But I was working with really wonderful people who I like a lot, so it was several  really good, albeit long, days.

Tomorrow, I’m back standing on set while eating crafty. I’ll feel like a vacation.

Filed under: crack of dawn, hazardous, studio lots, toxic waste, Work

Shooting the poop

Today’s work involved poop. Not the rhetorical kind, the real (well, movie real, which we all know isn’t the same as real real) kind. The rodent kind.

Hero waves flashlight (not a normal one, a special movie one) around, discovers said poop, proves some plot point. Or something. I kinda zone out whenever I try to read the script.

Aside from the fact that shooting poop – even fake poop – is a ‘gimme’ day for bad shit-related puns (“I didn’t like that take. Let’s call it the flusher”), it was also a short day at 10 hours, so I got stuck in rush hour traffic on the way home from work.

Any other time, this would suck shit (see, I’m still doing it), but the recent February mini-heat wave we’ve had has made the city’s copious amounts of night-blooming jasmine start to flower so the drive home, while slow, smelled fantastic which abated my normal traffic related rage. Note: I hate synthetic jasmine perfumes, but I absolutely love the real thing. Right now, I’ve got all the windows in the house open and it smells so good even the cat’s happy.

If you’re ever in LA in the late spring or early summer, just step outside and breathe through your nose. You’ll smell it. You can’t get away from it. It permeates everything here, which is impressive considering that such a powerful smell comes from something that masquerades as an innocent shrub to which no one ever pays any mind.

I don’t think it’s summer quite yet (we’re due for more rain early next week), but it’s definitely on the way.

Filed under: hazardous, toxic waste, Work, , , , ,

What a difference a decade makes

The last time I worked at the Redondo Beach power plant was at least 10 years ago. Maybe longer.  We ran cable all over the place and production issued us no safety gear, gave us no admonition to watch out for lead paint or broken floors or random dangerous things. We went in, did the job, brushed the paint chips off before we got in the car to go home and that was that.

Complaints about the interior of the plant would likely have been met with a helpful suggestion to shut the fuck up and get back to work.

This particular building was completely vetted for asbestos quite some time ago, so that’s really never been a concern (especially for those of us who worked at the Ambassador Hotel, which was asbestos central), but what’s left now is an astonishing amount of lead paint that’s peeling off almost every visible surface inside and outside the plant.

So this time, with the new kinder gentler film industry, we were issued hard hats, given a very long lecture by the studio’s safety department, and informed that a cleaning crew had been in for days in an attempt to manage the peeling lead paint in the plant. Although the lower level of the plant (where the actors were) was really, really clean (as in the cleanest industrial location I’ve ever seen), the metal mesh upper decks between the pipes where we were walking around and setting lights hadn’t been cleaned or sealed at all.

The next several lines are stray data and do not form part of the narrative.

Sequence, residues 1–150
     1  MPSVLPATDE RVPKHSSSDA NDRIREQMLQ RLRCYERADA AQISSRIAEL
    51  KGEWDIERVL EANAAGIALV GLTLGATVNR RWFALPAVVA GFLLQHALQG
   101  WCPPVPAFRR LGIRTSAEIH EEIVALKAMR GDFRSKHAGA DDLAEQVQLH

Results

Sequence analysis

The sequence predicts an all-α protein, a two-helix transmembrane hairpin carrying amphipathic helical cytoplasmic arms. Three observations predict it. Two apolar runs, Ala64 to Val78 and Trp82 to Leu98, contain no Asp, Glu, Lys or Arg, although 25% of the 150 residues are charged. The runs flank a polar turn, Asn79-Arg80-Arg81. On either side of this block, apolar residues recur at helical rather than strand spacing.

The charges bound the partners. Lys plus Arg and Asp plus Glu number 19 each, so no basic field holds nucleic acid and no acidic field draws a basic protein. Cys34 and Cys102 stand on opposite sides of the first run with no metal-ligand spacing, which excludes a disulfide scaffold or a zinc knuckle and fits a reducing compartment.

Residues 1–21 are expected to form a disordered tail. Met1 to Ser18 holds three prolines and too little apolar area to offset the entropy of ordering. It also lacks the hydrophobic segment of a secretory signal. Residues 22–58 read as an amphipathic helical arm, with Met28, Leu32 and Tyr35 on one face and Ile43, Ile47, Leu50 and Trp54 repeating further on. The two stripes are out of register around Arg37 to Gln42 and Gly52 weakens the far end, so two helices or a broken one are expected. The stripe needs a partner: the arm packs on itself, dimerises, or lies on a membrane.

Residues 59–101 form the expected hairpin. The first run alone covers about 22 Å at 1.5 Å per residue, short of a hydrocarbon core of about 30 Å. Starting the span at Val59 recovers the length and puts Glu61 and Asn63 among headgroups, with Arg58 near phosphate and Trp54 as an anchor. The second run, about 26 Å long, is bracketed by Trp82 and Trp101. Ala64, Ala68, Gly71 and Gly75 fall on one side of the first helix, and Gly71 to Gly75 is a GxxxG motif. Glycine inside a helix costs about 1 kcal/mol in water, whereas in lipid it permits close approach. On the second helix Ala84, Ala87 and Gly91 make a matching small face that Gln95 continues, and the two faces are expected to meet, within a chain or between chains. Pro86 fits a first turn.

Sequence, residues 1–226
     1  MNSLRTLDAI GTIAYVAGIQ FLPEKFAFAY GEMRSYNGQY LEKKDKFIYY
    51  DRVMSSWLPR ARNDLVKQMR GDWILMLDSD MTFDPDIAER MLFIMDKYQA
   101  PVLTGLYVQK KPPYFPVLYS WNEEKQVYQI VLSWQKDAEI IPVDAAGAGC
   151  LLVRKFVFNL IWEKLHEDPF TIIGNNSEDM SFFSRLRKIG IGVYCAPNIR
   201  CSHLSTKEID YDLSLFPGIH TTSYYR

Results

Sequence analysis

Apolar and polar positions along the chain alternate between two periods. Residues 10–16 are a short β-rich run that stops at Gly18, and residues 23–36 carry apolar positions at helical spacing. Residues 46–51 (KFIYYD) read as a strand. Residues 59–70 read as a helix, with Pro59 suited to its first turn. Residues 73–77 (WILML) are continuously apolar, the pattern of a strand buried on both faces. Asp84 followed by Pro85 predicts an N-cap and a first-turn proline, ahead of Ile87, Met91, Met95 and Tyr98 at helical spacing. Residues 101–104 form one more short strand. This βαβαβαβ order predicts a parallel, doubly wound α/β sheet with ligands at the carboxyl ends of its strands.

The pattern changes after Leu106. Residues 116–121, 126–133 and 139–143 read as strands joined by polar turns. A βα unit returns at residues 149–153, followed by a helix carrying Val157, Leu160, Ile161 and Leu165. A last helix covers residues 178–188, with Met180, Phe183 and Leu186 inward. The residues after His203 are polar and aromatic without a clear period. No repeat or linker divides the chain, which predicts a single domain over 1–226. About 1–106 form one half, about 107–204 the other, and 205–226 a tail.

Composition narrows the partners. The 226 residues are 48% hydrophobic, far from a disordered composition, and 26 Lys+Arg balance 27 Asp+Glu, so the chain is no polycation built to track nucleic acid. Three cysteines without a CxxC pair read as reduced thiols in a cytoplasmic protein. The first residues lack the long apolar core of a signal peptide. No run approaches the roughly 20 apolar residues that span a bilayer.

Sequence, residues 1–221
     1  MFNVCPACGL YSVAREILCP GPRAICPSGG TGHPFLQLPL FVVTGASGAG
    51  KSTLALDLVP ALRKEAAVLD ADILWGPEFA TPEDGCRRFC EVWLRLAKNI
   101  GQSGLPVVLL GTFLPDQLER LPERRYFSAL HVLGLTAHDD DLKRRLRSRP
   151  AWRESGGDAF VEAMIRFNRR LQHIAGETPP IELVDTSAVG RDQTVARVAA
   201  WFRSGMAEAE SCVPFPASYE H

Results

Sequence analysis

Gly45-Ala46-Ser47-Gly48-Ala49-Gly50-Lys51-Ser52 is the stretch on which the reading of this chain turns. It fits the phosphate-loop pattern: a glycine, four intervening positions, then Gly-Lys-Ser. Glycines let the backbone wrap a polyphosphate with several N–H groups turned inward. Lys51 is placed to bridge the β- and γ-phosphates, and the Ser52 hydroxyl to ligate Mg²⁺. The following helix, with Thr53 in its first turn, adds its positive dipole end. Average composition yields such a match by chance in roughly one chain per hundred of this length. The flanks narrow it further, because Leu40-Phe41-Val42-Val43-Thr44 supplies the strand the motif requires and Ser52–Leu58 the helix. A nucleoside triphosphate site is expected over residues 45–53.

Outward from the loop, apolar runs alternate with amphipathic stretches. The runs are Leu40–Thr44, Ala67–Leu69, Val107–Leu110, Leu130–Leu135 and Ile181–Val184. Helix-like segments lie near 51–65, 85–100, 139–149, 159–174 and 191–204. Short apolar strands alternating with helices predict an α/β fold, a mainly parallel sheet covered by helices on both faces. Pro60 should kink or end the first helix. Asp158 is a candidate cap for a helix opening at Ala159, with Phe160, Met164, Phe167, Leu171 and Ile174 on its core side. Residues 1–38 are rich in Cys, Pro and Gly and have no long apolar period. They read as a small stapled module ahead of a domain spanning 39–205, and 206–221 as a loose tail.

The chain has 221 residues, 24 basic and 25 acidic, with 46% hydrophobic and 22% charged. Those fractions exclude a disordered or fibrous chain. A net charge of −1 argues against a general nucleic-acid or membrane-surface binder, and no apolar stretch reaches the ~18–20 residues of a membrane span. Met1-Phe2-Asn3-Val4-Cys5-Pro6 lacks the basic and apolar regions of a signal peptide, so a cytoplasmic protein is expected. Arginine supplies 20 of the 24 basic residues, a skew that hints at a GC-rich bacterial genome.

So each time we had to lean over to set a light, shimmied past the stands to get to a light, walked over the set,  or exhaled heavily we’d brush something or other and send a shower of dust and paint chips down on the actors who were sitting in the nice ‘clean’ set below. When there are sixteen lights, flags, stands, four electricians and three grips in a tight space it’s just not possible to avoid bumping or brushing up against things no matter how hard one tries.

Since the set was spread out over two levels of the plant, we put half our carts on the lower level and half on the upper level – of course, when I was upstairs, whatever I  needed was in the downstairs carts and when I was downstairs, whatever I needed was in the upstairs carts.  Also, due to the layout of the levels, the locations of the stairs and having to avoid those pipes made getting from one place to another a bit challenging.

Although the hard hat made me feel marginally safer, with the maze of pipes around narrow walkways, random metal bits sticking up out of the floors and protruding from the walls I bashed every single part of my body except my head. I should have worn body armor and shin guards.

Call time: 10:30 am

Wrap time: 2:30 am

Heading home after wrap, I got turned around and couldn’t find the entrance to the freeway – when I finally found one, there was only an on-ramp going in the wrong direction. Sometimes I hate you, Los Angeles.

Once I managed to get on the freeway I drove like the proverbial bat out of hell and got home at 3.

Filed under: hazardous, locations, long long drives, toxic waste, up all night, Work, , , , ,

February 2020
« Oct    

Flickr Photos



Random Quote

"If people wanted you to write warmly about them, they should have behaved better." -Anne Lamott

Enter your email address to subscribe to this blog and receive notifications of new posts by email.

Join 1,019 other followers

Twitter Updates


Not blogs, but cool

%d bloggers like this: